On this dayOct 16, 1968
Black Olympic Medalists Face Death Threats and Expulsion For Protesting Racial Inequality
On October 16, 1968, Black Olympic sprinters Tommie Smith and John Carlos, who engaged in a silent protest on the medal stand to bring light to the racial discrimination and violence against Black people in the U.S., were met with hostility by white supporters and the media, and were eventually suspended for their protest.
The 1968 Olympics followed a summer of racial unrest and protest following the assassination of Dr. Martin Luther King Jr. in April, and the murder of Robert Kennedy in June. Police violence and poverty burdened Black communities in ways that attracted international attention.
Mr. Smith and Mr. Carlos placed first and third in the 200-meter dash at the Olympic Games in Mexico City. As the U.S. national anthem played during the medal ceremony, the two men bowed their heads and raised black gloved fists in a protest against racial discrimination in the U.S. Both men wore black socks with no shoes, and Mr. Smith also wore a black scarf around his neck. Mr. Smith raised his right fist to represent Black power, while Mr. Carlos raised his left fist to represent Black unity. Mr. Smith said his black scarf represented Black pride and their black socks without shoes signified Black poverty in America.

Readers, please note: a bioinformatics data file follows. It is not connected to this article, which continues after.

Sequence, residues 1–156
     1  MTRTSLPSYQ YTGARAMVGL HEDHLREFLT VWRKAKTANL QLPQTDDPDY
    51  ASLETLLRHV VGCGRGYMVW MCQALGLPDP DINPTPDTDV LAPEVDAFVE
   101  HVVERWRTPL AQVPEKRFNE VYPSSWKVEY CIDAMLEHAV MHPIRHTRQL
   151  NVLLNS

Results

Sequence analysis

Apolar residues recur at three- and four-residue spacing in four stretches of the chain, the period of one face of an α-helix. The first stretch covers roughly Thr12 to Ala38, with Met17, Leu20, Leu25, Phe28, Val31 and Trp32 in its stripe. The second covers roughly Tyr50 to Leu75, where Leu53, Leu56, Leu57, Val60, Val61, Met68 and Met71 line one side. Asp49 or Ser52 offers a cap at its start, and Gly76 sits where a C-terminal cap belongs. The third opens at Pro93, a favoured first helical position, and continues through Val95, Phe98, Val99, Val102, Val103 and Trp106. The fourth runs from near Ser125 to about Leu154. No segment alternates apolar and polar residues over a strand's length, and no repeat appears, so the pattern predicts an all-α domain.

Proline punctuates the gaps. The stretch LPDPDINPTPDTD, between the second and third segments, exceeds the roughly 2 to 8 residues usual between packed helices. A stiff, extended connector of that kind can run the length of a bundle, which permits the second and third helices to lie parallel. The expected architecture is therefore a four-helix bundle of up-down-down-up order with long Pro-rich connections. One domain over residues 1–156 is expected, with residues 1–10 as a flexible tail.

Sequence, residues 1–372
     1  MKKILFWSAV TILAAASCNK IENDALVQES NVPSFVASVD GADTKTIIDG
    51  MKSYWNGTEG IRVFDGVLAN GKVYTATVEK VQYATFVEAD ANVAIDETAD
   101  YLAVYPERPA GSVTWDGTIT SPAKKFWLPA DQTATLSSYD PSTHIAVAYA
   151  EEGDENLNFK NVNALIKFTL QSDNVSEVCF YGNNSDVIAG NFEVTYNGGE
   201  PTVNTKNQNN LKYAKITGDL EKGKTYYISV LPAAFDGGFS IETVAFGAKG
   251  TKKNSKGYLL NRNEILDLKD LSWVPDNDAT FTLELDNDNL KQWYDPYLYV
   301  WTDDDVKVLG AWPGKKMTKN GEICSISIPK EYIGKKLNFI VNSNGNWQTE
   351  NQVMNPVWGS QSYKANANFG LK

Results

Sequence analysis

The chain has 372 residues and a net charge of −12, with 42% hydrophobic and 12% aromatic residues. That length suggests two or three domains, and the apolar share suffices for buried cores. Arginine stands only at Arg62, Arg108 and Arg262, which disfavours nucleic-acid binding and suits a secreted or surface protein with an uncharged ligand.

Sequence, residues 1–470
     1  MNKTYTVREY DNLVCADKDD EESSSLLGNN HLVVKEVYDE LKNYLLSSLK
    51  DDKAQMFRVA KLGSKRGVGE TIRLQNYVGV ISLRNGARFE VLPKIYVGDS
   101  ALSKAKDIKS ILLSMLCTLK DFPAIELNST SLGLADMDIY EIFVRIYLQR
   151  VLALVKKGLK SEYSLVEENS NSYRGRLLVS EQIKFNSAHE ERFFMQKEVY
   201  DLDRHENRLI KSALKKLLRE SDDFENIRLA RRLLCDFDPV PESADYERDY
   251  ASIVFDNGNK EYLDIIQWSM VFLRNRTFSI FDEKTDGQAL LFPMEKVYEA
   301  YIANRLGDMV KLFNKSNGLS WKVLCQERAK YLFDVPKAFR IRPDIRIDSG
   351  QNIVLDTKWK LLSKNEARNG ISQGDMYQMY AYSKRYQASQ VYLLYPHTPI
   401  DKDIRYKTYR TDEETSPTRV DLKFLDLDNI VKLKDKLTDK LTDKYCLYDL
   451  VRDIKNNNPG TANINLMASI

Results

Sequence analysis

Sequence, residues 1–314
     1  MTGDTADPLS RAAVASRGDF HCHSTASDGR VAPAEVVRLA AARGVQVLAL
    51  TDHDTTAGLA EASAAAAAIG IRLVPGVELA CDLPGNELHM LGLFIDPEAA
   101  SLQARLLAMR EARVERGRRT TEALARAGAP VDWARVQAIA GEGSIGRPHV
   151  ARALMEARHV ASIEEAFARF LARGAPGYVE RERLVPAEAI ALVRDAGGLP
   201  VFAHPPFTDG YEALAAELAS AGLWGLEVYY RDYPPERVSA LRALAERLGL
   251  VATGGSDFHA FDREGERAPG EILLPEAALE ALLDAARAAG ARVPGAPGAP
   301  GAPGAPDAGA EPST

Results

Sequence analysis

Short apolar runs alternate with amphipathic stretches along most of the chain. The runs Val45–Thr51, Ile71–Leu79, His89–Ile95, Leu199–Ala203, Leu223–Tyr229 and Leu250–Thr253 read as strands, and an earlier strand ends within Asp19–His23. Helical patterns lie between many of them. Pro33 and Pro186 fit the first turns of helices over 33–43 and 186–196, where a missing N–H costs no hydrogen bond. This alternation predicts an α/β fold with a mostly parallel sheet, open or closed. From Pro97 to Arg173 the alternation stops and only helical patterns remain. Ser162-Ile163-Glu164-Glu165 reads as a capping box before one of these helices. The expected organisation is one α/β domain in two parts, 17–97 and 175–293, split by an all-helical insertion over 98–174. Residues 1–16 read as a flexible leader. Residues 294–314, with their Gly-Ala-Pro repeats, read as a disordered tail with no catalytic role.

The following day, the U.S. Olympic Committee threatened other athletes with stern disciplinary action if they engaged in demonstrations. Acting USOC Director Everett Barnes issued a formal statement to the Olympic International Committee, condemning Mr. Smith and Mr. Carlos, and claiming that the sprinters “made our country look like the devil.”
The USOC suspended Mr. Smith and Mr. Carlos from the U.S. Olympic team following a midnight meeting. In the early hours of the morning on October 18, the Committee ordered both men to vacate the Olympic village in Mexico within 48 hours.
Despite their medal-winning performances, the two athletes faced intense criticism in the media and received death threats upon returning home. At the time, their protest was wrongly perceived as a show of disrespect directed toward the American flag and national anthem.